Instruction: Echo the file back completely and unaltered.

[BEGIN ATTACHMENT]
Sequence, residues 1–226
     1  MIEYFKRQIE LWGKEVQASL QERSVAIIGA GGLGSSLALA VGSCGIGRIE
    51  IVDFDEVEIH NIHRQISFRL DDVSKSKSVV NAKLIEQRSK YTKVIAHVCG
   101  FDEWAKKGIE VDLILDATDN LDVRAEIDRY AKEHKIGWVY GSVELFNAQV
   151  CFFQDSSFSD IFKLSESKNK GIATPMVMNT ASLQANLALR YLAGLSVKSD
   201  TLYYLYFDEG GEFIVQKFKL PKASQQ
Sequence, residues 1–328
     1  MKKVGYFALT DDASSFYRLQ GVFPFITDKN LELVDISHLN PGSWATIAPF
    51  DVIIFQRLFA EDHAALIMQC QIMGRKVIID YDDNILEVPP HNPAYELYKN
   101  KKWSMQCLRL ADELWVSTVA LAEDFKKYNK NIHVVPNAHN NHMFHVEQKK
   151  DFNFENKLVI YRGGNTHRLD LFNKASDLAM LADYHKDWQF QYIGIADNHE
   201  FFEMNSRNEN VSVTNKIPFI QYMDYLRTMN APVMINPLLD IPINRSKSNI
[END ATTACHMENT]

Sequence, residues 1–226
     1  MIEYFKRQIE LWGKEVQASL QERSVAIIGA GGLGSSLALA VGSCGIGRIE
    51  IVDFDEVEIH NIHRQISFRL DDVSKSKSVV NAKLIEQRSK YTKVIAHVCG
   101  FDEWAKKGIE VDLILDATDN LDVRAEIDRY AKEHKIGWVY GSVELFNAQV
   151  CFFQDSSFSD IFKLSESKNK GIATPMVMNT ASLQANLALR YLAGLSVKSD
   201  TLYYLYFDEG GEFIVQKFKL PKASQQ
Sequence, residues 1–328
     1  MKKVGYFALT DDASSFYRLQ GVFPFITDKN LELVDISHLN PGSWATIAPF
    51  DVIIFQRLFA EDHAALIMQC QIMGRKVIID YDDNILEVPP HNPAYELYKN
   101  KKWSMQCLRL ADELWVSTVA LAEDFKKYNK NIHVVPNAHN NHMFHVEQKK
   151  DFNFENKLVI YRGGNTHRLD LFNKASDLAM LADYHKDWQF QYIGIADNHE
   201  FFEMNSRNEN VSVTNKIPFI QYMDYLRTMN APVMINPLLD IPINRSKSNI